Veteran Motley Fool readers know why we're always on the lookout for the next Microsoft. Finding that next home run stock can make up for a lot of losers in your portfolio. Scoring just one 100-bagger -- like Dell
And we know next year's 10 best stocks are all small companies right now, as Dell and PotashCorp were when they began their incredible runs. Thus, creating a superstar small-cap portfolio to supplement your other stocks can mean the difference between a comfortable retirement and having to milk cows much longer than you expected.
But there's a right way and a wrong way to go about this -- and the wrong way can burn you. So today, let's focus on the right way to get started on the path to small-cap success. According to the experts at the Motley Fool Hidden Gems small-cap service, there are four main tenets to focus on.
1. Don't chase past performance
Switching your money into the latest hot tips usually ends badly. When your dentist, pool boy, and cabdriver all tell you they're in the same stock, you'd better start considering that you may be the last one in (which is never good).
I vividly remember the early months of 2000. The market was so red-hot that even my most value-oriented friend was despairing that he was missing the chance of his lifetime by staying out of fine companies that he knew were overvalued, like Cisco
2. Build a properly diversified portfolio
Here's where things get a bit controversial. Many investing masters suggest you have no more than a handful of stocks in your entire portfolio. If we were all masters, that would be good advice. However, unless you've been investing successfully for 15 years or more, the Gems team counsels you to have dozens of stocks in the small-cap portion of your portfolio.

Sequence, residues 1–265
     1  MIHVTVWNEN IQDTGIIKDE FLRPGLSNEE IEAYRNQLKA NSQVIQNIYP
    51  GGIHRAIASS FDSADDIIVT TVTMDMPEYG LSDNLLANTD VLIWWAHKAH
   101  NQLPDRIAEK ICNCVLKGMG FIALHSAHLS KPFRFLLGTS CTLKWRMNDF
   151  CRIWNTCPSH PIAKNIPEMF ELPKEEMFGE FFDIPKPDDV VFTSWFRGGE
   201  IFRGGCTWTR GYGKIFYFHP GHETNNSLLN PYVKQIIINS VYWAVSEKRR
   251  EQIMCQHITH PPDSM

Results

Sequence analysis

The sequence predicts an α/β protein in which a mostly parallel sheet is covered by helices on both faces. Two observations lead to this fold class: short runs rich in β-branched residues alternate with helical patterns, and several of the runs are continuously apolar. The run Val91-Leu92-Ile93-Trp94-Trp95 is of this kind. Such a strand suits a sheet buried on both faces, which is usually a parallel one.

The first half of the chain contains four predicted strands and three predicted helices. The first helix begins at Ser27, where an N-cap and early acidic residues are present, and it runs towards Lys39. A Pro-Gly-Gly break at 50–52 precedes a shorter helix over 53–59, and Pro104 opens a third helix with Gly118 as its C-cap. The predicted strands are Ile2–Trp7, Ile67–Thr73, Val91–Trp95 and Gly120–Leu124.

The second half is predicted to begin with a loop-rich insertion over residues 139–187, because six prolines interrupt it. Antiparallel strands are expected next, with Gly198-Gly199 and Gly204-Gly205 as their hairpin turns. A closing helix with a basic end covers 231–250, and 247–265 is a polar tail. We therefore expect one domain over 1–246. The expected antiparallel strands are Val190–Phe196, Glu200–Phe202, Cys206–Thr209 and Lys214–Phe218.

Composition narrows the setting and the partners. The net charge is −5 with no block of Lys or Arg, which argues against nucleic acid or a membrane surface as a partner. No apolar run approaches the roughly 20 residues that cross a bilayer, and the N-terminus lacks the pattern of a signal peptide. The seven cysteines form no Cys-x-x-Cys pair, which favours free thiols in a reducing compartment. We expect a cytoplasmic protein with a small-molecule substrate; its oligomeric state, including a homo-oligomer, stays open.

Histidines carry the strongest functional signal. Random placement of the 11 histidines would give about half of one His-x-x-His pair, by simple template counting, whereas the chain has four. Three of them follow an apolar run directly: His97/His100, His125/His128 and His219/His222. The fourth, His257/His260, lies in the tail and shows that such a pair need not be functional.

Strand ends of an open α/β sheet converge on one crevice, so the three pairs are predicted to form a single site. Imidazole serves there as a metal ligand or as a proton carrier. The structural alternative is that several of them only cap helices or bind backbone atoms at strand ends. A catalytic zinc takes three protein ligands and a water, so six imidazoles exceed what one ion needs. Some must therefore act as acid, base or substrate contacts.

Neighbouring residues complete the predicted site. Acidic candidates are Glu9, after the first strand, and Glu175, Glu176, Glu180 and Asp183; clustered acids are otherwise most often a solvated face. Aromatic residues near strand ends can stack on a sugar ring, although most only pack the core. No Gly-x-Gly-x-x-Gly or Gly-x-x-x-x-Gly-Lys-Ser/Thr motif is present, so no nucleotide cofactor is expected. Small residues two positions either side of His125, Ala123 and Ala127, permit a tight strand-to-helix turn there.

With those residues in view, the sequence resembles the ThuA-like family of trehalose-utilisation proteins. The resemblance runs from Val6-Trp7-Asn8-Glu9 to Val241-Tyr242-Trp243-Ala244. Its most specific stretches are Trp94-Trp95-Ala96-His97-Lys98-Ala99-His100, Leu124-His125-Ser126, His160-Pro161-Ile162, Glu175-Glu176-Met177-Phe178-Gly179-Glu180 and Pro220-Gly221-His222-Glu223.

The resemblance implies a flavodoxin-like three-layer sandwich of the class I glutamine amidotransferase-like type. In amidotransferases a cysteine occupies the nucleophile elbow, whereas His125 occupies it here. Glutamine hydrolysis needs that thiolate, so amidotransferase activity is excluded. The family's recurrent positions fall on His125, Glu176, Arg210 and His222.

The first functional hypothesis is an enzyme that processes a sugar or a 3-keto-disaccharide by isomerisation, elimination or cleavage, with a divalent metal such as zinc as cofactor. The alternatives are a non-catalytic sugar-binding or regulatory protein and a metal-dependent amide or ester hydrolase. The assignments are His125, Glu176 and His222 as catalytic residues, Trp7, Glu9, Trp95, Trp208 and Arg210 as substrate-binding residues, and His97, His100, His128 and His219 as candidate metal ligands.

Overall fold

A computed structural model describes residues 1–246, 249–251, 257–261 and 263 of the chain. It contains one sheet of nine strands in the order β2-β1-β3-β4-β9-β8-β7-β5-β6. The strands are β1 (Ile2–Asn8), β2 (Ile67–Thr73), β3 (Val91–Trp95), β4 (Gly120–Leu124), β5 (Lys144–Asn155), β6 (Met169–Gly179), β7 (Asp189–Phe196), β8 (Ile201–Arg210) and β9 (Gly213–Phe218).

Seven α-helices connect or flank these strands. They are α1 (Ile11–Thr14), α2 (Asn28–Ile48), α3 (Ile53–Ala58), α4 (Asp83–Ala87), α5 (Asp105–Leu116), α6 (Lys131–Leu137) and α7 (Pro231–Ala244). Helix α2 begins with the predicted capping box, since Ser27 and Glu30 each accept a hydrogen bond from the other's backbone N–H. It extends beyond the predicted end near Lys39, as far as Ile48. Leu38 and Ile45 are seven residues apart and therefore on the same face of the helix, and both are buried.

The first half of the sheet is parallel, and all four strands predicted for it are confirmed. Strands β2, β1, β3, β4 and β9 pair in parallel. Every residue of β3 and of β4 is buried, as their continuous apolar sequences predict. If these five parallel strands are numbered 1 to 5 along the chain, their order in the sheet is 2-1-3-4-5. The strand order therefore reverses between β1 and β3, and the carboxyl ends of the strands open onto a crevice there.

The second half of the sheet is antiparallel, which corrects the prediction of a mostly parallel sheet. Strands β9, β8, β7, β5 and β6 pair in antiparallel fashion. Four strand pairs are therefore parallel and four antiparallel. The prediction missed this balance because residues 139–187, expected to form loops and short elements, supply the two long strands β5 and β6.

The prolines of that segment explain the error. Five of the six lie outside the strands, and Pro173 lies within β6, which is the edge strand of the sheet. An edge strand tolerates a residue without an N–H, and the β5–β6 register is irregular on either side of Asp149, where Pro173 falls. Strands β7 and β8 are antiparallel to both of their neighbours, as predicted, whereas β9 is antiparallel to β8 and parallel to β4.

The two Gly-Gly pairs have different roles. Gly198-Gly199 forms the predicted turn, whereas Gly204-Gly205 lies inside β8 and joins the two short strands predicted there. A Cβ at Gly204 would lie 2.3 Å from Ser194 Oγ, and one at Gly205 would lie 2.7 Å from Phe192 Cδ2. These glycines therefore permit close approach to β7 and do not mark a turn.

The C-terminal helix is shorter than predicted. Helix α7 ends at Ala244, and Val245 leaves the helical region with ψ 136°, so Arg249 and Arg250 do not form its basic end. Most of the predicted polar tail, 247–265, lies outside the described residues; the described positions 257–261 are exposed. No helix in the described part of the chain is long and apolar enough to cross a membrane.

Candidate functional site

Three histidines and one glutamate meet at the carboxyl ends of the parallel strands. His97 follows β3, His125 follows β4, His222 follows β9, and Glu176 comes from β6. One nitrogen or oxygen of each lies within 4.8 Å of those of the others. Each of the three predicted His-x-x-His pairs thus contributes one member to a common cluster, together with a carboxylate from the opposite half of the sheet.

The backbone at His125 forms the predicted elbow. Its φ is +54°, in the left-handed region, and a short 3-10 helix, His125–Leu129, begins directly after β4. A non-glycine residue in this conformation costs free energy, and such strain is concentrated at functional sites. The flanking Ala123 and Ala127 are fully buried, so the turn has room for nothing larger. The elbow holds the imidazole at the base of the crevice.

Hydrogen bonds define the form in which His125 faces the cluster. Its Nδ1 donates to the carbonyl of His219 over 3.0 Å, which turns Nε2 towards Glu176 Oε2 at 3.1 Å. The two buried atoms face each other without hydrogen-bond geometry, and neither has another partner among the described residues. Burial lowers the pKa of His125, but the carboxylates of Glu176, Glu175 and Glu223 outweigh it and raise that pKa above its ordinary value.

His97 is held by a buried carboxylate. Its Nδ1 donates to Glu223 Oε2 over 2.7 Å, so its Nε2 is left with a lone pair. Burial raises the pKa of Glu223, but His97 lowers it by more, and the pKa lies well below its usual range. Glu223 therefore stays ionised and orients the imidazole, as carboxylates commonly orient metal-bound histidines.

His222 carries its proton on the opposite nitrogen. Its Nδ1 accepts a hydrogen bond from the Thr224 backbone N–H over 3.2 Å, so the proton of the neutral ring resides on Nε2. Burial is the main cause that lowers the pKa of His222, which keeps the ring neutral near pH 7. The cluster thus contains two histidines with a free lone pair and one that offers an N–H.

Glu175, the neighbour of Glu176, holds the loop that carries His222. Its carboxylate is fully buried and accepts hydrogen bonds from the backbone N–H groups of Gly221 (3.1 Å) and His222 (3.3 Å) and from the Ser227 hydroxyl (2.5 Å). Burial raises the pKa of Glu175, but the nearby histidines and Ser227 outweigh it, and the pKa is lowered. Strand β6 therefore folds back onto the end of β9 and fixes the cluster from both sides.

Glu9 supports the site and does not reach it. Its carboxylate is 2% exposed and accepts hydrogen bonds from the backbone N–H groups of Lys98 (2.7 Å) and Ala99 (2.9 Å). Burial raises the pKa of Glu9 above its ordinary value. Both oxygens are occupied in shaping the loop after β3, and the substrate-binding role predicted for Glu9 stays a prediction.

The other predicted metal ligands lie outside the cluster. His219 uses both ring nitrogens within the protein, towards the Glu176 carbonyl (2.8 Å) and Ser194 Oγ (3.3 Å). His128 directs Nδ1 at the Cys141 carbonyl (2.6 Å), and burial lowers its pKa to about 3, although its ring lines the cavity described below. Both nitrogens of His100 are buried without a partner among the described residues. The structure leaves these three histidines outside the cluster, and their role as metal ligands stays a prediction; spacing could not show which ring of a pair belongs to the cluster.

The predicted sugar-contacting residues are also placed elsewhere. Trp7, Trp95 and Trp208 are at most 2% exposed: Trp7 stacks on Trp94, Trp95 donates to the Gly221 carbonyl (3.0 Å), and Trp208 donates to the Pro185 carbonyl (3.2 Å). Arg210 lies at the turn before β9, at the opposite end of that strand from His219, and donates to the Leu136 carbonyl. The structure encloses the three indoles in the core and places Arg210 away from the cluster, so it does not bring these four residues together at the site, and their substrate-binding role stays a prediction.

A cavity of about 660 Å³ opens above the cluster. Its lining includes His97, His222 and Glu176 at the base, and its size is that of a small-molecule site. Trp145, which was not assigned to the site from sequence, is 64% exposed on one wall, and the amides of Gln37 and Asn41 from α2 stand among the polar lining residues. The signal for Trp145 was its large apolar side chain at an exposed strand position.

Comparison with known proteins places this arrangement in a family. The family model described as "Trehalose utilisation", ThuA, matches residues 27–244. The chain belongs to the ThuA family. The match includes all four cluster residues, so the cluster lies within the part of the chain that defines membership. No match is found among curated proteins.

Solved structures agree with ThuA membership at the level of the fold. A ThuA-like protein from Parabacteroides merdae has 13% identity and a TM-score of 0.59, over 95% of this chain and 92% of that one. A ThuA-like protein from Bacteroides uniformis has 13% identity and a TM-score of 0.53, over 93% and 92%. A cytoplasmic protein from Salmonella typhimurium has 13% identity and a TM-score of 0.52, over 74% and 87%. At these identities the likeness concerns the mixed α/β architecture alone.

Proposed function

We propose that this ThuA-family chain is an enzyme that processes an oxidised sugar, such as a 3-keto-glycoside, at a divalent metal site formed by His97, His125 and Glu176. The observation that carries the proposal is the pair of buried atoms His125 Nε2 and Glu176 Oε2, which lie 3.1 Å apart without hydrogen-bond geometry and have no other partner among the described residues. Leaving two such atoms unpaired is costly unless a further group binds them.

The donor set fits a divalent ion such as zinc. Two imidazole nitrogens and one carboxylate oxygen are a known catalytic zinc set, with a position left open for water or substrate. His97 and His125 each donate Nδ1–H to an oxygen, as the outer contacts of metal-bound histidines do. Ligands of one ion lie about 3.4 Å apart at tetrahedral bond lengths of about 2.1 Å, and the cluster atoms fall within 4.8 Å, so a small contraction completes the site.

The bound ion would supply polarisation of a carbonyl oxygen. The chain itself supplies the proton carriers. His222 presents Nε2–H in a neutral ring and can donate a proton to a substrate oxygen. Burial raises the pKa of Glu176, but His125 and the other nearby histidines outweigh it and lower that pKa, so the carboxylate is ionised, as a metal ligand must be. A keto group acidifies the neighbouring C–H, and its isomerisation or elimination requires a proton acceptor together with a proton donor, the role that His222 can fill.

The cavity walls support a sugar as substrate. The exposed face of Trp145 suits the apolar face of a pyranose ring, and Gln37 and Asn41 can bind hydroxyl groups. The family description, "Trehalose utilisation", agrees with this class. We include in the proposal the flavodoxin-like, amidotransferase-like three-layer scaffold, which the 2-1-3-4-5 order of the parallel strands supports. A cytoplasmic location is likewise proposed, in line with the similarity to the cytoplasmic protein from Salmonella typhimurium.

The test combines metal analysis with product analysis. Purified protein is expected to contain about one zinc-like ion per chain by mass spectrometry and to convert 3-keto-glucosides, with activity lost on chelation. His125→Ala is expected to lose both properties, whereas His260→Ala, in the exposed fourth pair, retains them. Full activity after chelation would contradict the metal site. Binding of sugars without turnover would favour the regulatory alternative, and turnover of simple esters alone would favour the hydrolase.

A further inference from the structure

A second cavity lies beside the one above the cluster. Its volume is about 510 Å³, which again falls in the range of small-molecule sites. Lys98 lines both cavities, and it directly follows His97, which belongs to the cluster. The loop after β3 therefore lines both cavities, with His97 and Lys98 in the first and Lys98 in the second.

One master who would have agreed with us is Shelby Davis. He bought regularly, never sold, and died at the age of 85 owning somewhere around 1,000 stocks. Did it work? Well, he turned $50,000 into about $900 million during his career. Fellow legend Peter Lynch bought thousands of stocks in his time at Fidelity Magellan. Fannie Mae
3. Always add new money
Shelby Davis didn't accumulate his riches without adding money regularly, and neither will you. The discipline of adding new money will build your nest egg faster than you ever thought possible. The constant contributions:
1. Keep you focused on investing;
2. Allow you to take advantage of the many new ideas coming your way; and
3. Let you buy more shares when prices are lower, and fewer when prices are higher.
4. Keep your small-cap exposure under control
Small caps tend to be volatile and risky; heck, that's part of their attraction and why we invest in them in the first place. With greater risk comes greater potential reward, after all. But we can't go overboard chasing that reward.
There are no hard and fast rules for percentages, but most investors would do well to keep the small guys to around 15% of their total portfolios. If, as expected, your small caps deliver strong performance over the long term, they'll really boost the returns of the overall portfolio. But if something should go wrong over the short term, it wouldn't torpedo the entire portfolio.
Foolish bottom line
1. Keep your head and stay away from hot stocks and flaming tips;
2. Build up to ownership of a dozen or more small caps;
3. Stick to a regular saving and investing schedule; and
4. Don't let small caps overweight your total portfolio,
... then you'll be well rewarded as the years roll by. This approach has worked well in Hidden Gems, which has handily beaten the market since the newsletter's inception in 2003. For the next 30 days, you can check out the entire service -- including the team's top 10 small caps for new money now -- for ... nothing. No cost at all. Here's more information.
Fool analyst Rex Moore contributes the Foolish 8 screens to Hidden Gems, and is once again available for birthday parties. Of the companies mentioned in this article, he owns shares of Microsoft. Microsoft is a Motley Fool Inside Value selection. Amazon.com and Ford Motor are Motley Fool Stock Advisor picks. Motley Fool Options has recommended a diagonal call position on Microsoft. The Fool has a disclosure policy.